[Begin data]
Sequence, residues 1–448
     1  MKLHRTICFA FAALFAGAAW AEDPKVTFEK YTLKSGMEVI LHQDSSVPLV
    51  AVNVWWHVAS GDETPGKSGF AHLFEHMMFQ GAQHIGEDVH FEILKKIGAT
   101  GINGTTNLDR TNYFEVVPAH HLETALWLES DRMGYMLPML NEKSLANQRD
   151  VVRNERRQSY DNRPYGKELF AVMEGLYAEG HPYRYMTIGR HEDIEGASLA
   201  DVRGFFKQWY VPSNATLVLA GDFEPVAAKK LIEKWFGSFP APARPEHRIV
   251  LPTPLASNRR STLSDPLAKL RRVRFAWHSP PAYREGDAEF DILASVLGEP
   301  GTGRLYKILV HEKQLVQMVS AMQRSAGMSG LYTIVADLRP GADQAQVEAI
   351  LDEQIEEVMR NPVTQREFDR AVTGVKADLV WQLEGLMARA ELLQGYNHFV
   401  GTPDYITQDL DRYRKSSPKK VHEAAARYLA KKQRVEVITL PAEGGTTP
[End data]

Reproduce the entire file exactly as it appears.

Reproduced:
Sequence, residues 1–448
     1  MKLHRTICFA FAALFAGAAW AEDPKVTFEK YTLKSGMEVI LHQDSSVPLV
    51  AVNVWWHVAS GDETPGKSGF AHLFEHMMFQ GAQHIGEDVH FEILKKIGAT
   101  GINGTTNLDR TNYFEVVPAH HLETALWLES DRMGYMLPML NEKSLANQRD
   151  VVRNERRQSY DNRPYGKELF AVMEGLYAEG HPYRYMTIGR HEDIEGASLA
   201  DVRGFFKQWY VPSNATLVLA GDFEPVAAKK LIEKWFGSFP APARPEHRIV
   251  LPTPLASNRR STLSDPLAKL RRVRFAWHSP PAYREGDAEF DILASVLGEP
   301  GTGRLYKILV HEKQLVQMVS AMQRSAGMSG LYTIVADLRP GADQAQVEAI
   351  LDEQIEEVMR NPVTQREFDR AVTGVKADLV WQLEGLMARA ELLQGYNHFV
   401  GTPDYITQDL DRYRKSSPKK VHEAAARYLA KKQRVEVITL PAEGGTTP